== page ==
Fall 2015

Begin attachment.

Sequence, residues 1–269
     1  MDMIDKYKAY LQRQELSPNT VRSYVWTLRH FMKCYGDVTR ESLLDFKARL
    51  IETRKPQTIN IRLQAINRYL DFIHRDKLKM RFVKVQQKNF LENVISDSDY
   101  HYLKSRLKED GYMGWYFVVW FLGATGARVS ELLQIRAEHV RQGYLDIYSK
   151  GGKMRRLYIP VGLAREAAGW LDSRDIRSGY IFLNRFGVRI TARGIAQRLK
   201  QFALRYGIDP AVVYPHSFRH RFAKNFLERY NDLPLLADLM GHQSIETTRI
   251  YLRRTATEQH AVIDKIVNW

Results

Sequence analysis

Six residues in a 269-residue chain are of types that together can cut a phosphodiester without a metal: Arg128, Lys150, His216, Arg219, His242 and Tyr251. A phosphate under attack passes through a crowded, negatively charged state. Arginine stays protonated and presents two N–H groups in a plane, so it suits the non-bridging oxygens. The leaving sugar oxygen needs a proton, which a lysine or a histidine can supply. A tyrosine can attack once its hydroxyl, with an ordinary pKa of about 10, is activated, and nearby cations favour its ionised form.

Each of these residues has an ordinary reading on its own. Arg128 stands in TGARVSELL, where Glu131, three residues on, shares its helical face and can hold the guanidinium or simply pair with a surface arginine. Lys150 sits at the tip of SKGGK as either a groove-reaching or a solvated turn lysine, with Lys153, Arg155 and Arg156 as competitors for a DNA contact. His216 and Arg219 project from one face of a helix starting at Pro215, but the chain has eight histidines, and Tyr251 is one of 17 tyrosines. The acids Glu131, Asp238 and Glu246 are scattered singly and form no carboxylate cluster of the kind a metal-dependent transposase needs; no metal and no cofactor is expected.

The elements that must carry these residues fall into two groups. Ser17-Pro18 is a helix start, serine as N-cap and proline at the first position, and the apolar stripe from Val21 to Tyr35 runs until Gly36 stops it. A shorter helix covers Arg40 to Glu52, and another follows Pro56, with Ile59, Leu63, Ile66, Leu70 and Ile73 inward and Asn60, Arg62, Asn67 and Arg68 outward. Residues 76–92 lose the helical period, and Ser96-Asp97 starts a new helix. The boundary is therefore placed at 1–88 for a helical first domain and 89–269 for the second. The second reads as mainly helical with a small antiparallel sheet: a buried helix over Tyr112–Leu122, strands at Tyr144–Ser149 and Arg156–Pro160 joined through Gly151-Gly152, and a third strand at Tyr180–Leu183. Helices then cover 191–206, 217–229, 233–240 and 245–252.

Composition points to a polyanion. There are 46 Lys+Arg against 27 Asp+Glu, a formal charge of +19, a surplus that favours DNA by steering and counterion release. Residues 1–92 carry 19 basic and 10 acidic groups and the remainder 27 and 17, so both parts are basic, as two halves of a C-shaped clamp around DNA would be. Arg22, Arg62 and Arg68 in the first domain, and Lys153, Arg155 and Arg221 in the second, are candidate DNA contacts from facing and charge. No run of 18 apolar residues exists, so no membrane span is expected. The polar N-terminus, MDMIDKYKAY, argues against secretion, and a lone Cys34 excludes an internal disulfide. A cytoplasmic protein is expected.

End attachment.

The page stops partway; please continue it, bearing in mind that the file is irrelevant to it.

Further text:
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57 FALL 2015 / CINEMONTAGE C omposer John Williams never used an organized symphony orchestra prior to the score for the original Star Wars (1977), which was recorded in London with the London Symphony Orchestra (LSO) because the movie was shot there. His formal approach was to provide a dichotomy to director George Lucas' visuals, "an almost 19th-century, romantic, symphonic score against these yet unseen sights," the composer explained in the Star Wars soundtrack album's liner notes. Following is a snapshot of the core themes, most of which make an appearance in reprise in The Force Awakens: Main Title: It's operatic and triumphant, and has become the iconic signature theme for the franchise, combining Luke's theme, Princess Leia's theme and the Rebel spaceship fanfare. Luke's Theme: Williams thought of the heroic qualities in Luke Skywalker, full of "fanfarish horns," which brings out the fullness of the LSO in all its glory. Princess Leia's Theme: A lovely fairytale princess-type of melody, according to Williams, as seen from Luke's adoring perspective. Ben Kenobi's Theme: This is also known as The Force Theme, reflecting the noble qualities of the revered Jedi Knight as well as the spiritual qualities of the Jedi philosophy. It can be both melancholy, underscored by an English horn, and a heroic march to signify the Jedi in action. Han Solo and the Princess' Theme: This is the romantic love theme for Han and Leia. "Such stylized melodies are deceptively simple but difficult for a composer to come by, and, when placed in a space setting, evoke a wonderful feeling of romance and adventure," Williams recalled in the liner notes for The Empire Strikes Back soundtrack album. f - Bill Desowitz Jedi Playlist The Music of 'Star Wars' Music editor Ramiro Belgardt, left, with composer John Williams at Williams' home.

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